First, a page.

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Dunilovichi youth

In time, the teachers prepared a children's presentation, the first which Dunilovichi had ever seen. Children performed in Yiddish and Polish and it was a pleasure to listen to them. No one had believed that in one year, so much could be accomplished. The fathers and mothers were very proud of their children. They saw that the Yiddish school was a noteworthy achievement. If not for the school, the children education and social life would have been completely neglected. When the school year ended, the administration called a meeting of all the parents to deal with the question of whether to build their own building for the folkshule because the synagogue was not appropriate. Besides this, they weren't sure if the more observant would approve of boys and girls learning together in the synagogue from books that were not holy.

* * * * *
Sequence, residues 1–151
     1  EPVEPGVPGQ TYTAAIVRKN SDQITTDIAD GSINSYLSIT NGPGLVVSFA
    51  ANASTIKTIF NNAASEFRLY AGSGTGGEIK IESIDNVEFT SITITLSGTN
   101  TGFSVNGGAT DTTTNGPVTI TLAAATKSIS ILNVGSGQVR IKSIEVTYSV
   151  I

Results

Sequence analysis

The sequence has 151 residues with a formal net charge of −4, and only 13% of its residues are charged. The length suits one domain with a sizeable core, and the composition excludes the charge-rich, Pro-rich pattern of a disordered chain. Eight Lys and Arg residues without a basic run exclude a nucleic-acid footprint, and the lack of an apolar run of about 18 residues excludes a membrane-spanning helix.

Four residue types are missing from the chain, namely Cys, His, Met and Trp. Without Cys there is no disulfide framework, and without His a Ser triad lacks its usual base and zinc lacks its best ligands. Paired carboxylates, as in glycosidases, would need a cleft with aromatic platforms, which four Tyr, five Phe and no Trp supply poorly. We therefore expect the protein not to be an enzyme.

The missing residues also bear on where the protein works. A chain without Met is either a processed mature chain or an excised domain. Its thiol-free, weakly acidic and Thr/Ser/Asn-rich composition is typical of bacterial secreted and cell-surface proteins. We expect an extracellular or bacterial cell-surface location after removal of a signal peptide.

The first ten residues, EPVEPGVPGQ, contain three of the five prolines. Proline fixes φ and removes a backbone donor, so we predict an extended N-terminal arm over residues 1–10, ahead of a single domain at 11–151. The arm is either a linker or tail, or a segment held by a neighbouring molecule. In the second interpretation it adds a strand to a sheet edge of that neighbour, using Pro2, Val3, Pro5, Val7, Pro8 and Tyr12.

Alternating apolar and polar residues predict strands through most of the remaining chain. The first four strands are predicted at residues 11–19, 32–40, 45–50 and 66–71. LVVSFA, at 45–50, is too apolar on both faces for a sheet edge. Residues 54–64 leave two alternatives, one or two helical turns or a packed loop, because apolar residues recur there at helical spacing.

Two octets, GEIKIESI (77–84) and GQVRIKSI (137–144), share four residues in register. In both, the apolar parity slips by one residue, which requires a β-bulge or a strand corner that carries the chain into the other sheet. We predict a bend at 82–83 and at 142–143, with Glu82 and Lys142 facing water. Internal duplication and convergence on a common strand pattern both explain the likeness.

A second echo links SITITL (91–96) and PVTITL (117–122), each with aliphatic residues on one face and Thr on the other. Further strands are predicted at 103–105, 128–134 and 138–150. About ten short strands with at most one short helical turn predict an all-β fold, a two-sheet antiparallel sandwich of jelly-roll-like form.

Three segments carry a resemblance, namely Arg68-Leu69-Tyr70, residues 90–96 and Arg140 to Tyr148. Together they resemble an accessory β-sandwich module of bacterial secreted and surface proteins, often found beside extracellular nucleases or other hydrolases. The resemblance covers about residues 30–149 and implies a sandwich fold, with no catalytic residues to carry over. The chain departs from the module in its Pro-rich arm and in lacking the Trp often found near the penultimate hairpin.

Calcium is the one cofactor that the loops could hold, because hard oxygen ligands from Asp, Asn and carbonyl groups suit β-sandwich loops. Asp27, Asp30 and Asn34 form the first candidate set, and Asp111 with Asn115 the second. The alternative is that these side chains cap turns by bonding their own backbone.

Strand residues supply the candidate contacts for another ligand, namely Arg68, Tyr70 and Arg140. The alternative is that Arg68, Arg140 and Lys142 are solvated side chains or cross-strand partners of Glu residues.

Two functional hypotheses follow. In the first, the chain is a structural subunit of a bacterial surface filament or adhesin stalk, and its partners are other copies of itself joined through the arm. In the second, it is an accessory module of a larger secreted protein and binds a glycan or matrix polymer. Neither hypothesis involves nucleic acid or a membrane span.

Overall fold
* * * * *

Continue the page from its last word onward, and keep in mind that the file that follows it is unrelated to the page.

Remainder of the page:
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Young girls during sewing class

Jews considered the possibility of a separate building, and immediately appointed a building committee composed of Dan Feigl, Zise Klionsky, Shalom Naratzky, Baruch Kolis, Hirshl Barkin, Aron Ligumsky, Moishke Lurie, Yankel Abel, Motte Bergman, Flax Dratve, Yisroel-Chaim Gurvitsh and others. A large empty plot near the bathhouse was chosen and there the building was to be set up. The actual work began immediately, with the bringing of building materials. The singing of the builders could be heard and there was joy on everyone's face. When the building was completed, there was a dedication ceremony. It wasn't entirely comfortable since it had only two rooms, but all community activities were transferred there.